Various centres of India’s most prestigious IIM offer programmes in Sustainable Management, Sustainable Finance, etc. IIM Sirmaur has Centre for Sustainability & Environment Management, IIHS Bangalore has School of Environment and Sustainability, and the courses are on ecology and environmental geography, sustainable regions, environmental law and policy and energy.
Few of the above-mentioned and other institutes offer online courses from time to time.
We must mention some recent developments in this regard. Just 2 months back, the Delhi University announced the School of Climate Change and Sustainability under the Institute of Eminence Scheme. This school will tackle the problems related to climate change and explore the possibilities of sustainable development with a focus on national development. Few other colleges also offer courses like M.Sc. – Sustainable Development, B.Voc. Industrial Waste Management, Conservation of Natural Resources, etc.
Though it is a fact that sustainability is rooted in Indian culture, and circular economy has been a part of Indian culture for centuries, but now the western world is more aggressively working in this direction. And since the apparel export industry is buyer-driven, the domestic industry also follows the western world.
2 years ago, Kering (a global luxury group) and London College of Fashion launched the world’s first Massive Open Online Course (MOOC) dedicated to sustainability and luxury fashion. Overseas institutes have also taken lead in the sustainability courses dedicated to the apparel sector. Sustainable Fashion Academy, Sweden, offers live, customised, tailored training and online courses. One of its courses is The Sustainability Fundamentals (it claims to be the world’s first online course in sustainable apparel). Platforms like Coursera have hundreds of courses related to sustainability and many of them are directly related to the fashion industry. And thousands of students and professionals are taking up these courses.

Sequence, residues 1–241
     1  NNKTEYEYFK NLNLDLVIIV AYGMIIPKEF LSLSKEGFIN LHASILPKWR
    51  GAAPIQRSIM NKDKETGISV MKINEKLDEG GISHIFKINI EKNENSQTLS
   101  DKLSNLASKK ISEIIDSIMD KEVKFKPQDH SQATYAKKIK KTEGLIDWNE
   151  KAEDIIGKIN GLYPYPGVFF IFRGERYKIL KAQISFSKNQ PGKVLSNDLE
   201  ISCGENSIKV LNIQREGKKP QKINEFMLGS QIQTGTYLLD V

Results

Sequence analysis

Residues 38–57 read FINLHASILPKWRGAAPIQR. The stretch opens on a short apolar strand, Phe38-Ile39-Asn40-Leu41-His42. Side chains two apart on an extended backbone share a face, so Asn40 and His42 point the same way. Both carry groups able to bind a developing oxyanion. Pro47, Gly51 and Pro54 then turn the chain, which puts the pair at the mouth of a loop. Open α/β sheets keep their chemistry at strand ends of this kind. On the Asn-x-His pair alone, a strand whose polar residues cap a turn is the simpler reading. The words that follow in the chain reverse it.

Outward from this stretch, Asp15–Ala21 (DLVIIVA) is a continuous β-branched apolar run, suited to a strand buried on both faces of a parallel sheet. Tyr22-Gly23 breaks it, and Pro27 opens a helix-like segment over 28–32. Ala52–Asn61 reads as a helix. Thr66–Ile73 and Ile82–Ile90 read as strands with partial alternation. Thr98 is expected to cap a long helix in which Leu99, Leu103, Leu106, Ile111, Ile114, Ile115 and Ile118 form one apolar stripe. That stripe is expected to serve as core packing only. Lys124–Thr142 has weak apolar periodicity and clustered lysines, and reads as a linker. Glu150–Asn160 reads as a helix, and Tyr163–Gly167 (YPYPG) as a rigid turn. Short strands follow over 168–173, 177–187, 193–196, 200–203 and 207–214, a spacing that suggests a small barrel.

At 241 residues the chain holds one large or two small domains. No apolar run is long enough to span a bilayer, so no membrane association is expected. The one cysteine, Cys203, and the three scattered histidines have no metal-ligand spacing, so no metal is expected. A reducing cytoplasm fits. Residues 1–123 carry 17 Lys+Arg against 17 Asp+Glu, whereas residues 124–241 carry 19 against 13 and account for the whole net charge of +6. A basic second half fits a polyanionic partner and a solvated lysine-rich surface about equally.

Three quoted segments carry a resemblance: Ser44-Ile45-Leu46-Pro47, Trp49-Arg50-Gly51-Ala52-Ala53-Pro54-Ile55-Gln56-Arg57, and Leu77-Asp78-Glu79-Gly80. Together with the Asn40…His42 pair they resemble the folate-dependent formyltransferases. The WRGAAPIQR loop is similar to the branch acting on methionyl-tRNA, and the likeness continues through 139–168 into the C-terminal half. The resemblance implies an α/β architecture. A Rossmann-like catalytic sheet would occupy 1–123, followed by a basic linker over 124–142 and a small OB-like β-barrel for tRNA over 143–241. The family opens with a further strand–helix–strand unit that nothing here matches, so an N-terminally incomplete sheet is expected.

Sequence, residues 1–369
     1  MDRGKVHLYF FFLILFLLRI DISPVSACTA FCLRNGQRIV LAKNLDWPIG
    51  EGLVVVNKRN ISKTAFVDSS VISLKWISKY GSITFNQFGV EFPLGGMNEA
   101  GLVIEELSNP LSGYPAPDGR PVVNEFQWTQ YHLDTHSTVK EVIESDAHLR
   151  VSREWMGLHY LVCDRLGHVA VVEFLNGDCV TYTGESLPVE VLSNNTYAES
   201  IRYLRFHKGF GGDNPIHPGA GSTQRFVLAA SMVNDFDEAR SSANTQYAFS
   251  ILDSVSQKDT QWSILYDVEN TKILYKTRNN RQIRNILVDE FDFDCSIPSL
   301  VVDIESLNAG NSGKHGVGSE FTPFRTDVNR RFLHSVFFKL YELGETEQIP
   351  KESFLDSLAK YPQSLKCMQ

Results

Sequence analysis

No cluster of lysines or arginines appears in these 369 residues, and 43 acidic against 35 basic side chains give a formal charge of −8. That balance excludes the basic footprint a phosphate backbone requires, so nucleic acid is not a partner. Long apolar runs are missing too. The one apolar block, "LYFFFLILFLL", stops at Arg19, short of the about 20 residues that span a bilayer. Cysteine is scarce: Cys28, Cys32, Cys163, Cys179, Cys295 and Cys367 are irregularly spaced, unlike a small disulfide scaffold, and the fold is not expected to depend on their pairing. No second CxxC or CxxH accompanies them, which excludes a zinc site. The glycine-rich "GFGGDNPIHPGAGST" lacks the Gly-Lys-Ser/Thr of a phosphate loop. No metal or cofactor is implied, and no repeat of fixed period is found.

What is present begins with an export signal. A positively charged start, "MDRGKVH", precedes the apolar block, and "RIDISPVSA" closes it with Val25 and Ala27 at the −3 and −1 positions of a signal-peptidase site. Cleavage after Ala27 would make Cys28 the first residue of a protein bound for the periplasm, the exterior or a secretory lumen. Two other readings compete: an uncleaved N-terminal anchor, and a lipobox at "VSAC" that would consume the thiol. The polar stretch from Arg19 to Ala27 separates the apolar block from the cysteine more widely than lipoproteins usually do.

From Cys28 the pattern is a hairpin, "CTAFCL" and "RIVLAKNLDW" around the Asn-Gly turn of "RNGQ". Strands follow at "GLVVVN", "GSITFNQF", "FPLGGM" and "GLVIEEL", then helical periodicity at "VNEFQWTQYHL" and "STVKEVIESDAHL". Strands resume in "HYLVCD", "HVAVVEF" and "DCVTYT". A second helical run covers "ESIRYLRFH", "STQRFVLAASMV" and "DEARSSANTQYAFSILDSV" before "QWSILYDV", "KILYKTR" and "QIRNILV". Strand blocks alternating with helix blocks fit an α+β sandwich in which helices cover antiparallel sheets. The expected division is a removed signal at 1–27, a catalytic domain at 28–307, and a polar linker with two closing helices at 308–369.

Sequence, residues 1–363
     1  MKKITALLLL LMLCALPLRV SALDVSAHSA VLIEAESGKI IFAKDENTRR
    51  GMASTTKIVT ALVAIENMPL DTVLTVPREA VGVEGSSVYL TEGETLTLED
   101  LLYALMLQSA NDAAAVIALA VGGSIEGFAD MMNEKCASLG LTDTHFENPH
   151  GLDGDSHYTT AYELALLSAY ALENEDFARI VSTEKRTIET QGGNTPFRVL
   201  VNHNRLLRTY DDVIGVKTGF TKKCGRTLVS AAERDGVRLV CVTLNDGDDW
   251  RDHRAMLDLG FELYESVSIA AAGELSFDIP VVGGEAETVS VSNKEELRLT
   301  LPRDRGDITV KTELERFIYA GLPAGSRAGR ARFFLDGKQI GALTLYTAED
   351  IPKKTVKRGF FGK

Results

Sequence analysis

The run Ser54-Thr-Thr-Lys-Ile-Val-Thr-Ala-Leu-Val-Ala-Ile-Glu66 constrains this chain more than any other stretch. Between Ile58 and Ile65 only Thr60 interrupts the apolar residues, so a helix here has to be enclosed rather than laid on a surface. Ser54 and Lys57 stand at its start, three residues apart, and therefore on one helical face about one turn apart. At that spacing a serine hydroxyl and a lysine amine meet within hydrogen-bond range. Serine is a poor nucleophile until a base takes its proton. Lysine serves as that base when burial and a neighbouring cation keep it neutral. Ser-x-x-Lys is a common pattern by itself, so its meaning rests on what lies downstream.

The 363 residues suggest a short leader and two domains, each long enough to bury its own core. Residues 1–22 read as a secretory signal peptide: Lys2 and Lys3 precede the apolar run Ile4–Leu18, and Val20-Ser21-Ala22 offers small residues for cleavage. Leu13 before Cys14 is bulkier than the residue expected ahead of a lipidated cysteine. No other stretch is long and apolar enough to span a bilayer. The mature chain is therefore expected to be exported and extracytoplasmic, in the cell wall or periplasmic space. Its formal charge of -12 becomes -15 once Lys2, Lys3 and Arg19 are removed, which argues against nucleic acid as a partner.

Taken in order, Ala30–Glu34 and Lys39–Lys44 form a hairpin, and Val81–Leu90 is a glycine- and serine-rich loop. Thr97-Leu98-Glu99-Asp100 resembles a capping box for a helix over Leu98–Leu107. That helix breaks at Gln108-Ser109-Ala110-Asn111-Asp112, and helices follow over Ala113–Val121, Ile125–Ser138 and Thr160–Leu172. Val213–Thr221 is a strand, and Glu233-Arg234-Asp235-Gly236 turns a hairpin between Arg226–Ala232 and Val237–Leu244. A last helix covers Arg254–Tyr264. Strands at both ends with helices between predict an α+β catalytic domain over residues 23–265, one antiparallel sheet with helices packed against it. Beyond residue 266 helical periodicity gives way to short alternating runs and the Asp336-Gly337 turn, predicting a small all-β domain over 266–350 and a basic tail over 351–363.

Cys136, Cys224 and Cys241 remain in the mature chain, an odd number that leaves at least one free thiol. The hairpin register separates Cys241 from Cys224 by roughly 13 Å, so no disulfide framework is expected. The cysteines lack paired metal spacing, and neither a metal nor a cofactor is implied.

A few months back, a senior faculty member of sustainability who is teaching abroad and is associated with sustainable activities in India, told Apparel Resources, “Irrespective of any specific industry, the overall sustainability education is in a confused state. And the major reason for the same is that education globally is becoming market-oriented, funding from key stakeholders and policymakers (mainly private bodies) to the institutes is decreasing, and there is less public funding. Where the money comes from determines what would be taught. It is not that one doesn’t want to teach intentionally, but they are forced due to funding.”
He further added that there are four types of institutes – first, those who are determined and would fight against all odds or challenges; second, those who wish to do but don’t have internal capabilities; third, those who wish to do but are confused and don’t know how to proceed further; and fourth, those who really don’t wish to do anything in this regard.
All in all, having learned sustainability professionals will definitely add value to any apparel manufacturing unit. But we are left with an important and unanswered question – who will come forward to explore this opportunity?